On his way to refill his glass, Jonathan stopped as a young woman with bright red lipstick bumped into him. Fortunately, her glass was also empty. She looked at him with the slightly disoriented gaze of one who has had a bit too much alcohol, and brightened in recognition.

“Oh, hey, it’s you! It’s Crush Guy!” 

Jonathan gazed at her, perplexed. “Pardon?” 

“You’re Crush Guy. You turned up at work today, and Jay said that you were some guy he knew who had a crush on him. How’s it going?” 

Jonathan stared. “He … what?” 

“Jay said that you were some guy he knew who had a crush on him,” she repeated slowly, as though it were Jonathan who was drunk. Then she covered her mouth with her hand, with a small, embarrassed giggle. “Oops – was that rude? Sorry!” She giggled again. 

“No, um … thanks for telling me,” Jonathan said faintly. 

“Okay, so long as I wasn’t rude.” The young woman patted his forearm – or tried to: she missed slightly – as she moved past him and returned, a bit unsteadily, to the thick of the party. 

Jonathan changed direction, leaving his glass on the kitchen bench on his way out the door. Once inside his car, he leant his forehead against the top of the steering wheel, gripping the wheel with both hands. 

‘Some guy who has a crush on him.’ 

Was that how Jay spoke of his best friend to other people? 

[_Some guy who has a crush on him. _]

An incredibly bitter sensation filled Jonathan. 

He sat in the car for some time, wondering whether he could stand to return to the party. He should at least thank the hostess …

His cellphone bleeped, indicating that it had received a text message. Jonathan pulled it from his pocket and read the message.

It was from Jay. I’m sorry about what happened today at work. I didn’t mean to be so rude. I was surprised, and I guess I panicked. Are you angry about it?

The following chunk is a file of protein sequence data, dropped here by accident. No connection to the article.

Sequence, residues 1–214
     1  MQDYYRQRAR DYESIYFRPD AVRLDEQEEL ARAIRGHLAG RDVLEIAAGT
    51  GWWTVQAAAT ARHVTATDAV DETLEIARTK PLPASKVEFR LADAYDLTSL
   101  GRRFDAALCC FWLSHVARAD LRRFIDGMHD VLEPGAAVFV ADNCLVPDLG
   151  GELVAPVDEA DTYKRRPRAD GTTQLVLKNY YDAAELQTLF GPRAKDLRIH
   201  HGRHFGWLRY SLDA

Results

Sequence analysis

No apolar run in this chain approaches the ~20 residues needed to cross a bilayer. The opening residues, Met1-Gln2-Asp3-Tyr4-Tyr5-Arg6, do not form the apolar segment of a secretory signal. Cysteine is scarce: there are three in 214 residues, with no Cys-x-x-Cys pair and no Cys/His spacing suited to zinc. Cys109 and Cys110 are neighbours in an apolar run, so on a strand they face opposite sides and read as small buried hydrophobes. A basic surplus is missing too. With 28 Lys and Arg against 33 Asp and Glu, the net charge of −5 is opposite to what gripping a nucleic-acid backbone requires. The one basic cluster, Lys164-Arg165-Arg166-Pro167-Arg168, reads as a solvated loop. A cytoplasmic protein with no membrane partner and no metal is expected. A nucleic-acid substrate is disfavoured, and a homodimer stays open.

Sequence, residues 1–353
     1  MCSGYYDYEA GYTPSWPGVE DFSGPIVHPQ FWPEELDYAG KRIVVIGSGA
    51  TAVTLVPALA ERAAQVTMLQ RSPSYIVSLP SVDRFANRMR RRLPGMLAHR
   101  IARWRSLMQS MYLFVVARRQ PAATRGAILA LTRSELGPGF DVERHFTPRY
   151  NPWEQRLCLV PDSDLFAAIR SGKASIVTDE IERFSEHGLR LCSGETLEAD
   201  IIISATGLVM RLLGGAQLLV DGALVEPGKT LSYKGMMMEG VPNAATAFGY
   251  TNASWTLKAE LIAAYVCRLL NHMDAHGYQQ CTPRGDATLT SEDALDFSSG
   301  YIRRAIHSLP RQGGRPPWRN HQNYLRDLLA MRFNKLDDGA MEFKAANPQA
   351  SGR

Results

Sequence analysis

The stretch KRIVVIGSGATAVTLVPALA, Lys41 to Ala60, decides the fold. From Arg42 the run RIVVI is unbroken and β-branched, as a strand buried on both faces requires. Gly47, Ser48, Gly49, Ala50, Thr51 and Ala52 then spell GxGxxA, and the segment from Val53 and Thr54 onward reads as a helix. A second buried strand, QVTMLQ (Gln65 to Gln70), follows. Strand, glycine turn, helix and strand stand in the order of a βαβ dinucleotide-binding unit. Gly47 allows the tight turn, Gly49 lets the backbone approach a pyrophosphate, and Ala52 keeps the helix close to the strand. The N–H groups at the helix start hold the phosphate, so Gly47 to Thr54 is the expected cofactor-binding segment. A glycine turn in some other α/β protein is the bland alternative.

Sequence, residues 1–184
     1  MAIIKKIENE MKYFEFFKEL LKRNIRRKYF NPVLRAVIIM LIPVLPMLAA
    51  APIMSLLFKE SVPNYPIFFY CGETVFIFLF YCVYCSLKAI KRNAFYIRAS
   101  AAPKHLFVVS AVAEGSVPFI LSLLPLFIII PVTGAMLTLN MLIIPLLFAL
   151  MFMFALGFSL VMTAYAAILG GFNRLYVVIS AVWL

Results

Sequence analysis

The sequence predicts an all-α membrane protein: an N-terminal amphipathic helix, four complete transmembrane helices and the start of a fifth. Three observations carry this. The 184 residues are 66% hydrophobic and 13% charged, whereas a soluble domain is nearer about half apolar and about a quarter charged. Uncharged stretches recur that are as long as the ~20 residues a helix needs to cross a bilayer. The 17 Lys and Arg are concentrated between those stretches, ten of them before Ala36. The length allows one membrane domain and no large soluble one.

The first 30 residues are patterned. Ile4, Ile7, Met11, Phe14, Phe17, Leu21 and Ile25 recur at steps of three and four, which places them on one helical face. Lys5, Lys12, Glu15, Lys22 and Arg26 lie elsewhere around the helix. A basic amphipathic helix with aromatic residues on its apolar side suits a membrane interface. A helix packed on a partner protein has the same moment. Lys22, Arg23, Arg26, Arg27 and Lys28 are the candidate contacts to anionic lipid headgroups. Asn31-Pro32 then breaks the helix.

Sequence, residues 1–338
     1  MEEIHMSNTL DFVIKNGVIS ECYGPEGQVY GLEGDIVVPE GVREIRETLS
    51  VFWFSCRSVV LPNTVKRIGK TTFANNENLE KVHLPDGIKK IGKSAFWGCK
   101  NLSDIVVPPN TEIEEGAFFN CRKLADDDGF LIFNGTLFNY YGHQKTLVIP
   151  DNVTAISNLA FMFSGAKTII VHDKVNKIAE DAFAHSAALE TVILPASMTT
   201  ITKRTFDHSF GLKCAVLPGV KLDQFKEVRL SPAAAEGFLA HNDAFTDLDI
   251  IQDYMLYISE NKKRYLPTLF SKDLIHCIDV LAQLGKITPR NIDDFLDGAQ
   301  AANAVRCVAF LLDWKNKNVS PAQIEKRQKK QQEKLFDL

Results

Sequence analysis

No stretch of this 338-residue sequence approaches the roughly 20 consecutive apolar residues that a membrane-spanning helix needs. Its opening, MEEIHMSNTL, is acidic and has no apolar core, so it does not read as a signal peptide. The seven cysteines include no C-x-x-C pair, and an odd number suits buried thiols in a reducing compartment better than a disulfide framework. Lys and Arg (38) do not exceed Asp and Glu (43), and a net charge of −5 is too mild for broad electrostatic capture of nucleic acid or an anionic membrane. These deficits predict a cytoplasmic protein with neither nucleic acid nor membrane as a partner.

Jonathan pressed ‘reply’. Yes I am. F.Y.I., ‘some guy’ no longer has a crush on you.

 

  • * *

 

Jonathan fumed all the way home, with bouts of confused, incredulous hurt thrown in.

Was it possible that the young woman at the party had misunderstood Jay somehow? Was she repeating misinformation? She hadn’t been entirely sober, after all. Should Jonathan give Jay the benefit of the doubt?

But, based on Jay’s reaction to Jonathan’s appearance that afternoon, this disgusting betrayal actually seemed disturbingly plausible.

His cellphone rang in his pocket a moment after he started driving, then again a minute later, but he ignored it. He was driving, and besides, he didn’t feel like talking to anyone at the moment. If the calls were from his parents, he would see them at home soon enough anyway. If they were from Jay, Jonathan had no intention of answering.

Once home, Jonathan texted the party hostess, thanking her for a fun evening and expressing regret that he had ‘had to leave early’. He didn’t explain why.

Then he turned his cellphone off, sat on his bed and brooded for a while.

What on earth had he done to earn Jay’s disownment?

Had his presence and looks really embarrassed Jay that much? So much that Jay felt he had to lie to his co-workers lest they think that he and Jonathan were friends?

[_Some guy who has a crush on him. _]

Jonathan felt floored.

Humiliated.

And furious.

 

  • * *

 

In his bedroom, Jay stared in horror at the text message displayed on the cellphone in his hand.

Yes I am. F.Y.I., ‘some guy’ no longer has a crush on you.

How … how had that happened? How could Jonathan possibly know what Jay had said about him?!

It almost didn’t matter; the urgent thing was to apologise to Jonathan. Jay called Jonathan’s cellphone from his own.

The call rang for a while, then went to voicemail. Jay bit his lower lip anxiously, and hung up without leaving a message. He was too flustered to think what to say.

He re-read the text message, half hoping to realise that Jonathan had been joking; but there was nothing – not a smiley face, nothing – to hint that Jonathan was not genuinely angry.

Jay gathered his thoughts and called Jonathan’s cellphone again, this time so that he could leave a message.

“Jonathan, it’s me. Look, I’m really sorry. Whatever’s happened, whatever anyone has told you, it’s not — I didn’t mean it. It was just — I got freaked out and I panicked. I’m sorry. Please call me back when you get this.”

But there was no call from Jonathan that night, nor the following morning. Jay texted Jonathan twice before he went to bed, thinking that perhaps the sound of the text-message alert would cause Jonathan to check his cellphone and find the messages that were waiting; but there was no response.

 

  • * *